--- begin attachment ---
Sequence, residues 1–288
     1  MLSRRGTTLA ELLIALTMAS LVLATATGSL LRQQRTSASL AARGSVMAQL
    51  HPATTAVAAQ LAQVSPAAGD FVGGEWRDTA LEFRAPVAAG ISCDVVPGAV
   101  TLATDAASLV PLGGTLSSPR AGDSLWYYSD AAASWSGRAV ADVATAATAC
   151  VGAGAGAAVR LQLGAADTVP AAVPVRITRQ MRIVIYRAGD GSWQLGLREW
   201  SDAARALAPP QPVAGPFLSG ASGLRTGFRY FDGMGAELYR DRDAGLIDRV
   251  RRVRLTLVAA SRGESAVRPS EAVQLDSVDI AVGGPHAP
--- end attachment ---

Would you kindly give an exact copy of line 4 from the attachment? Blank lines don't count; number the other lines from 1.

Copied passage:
   101  TLATDAASLV PLGGTLSSPR AGDSLWYYSD AAASWSGRAV ADVATAATAC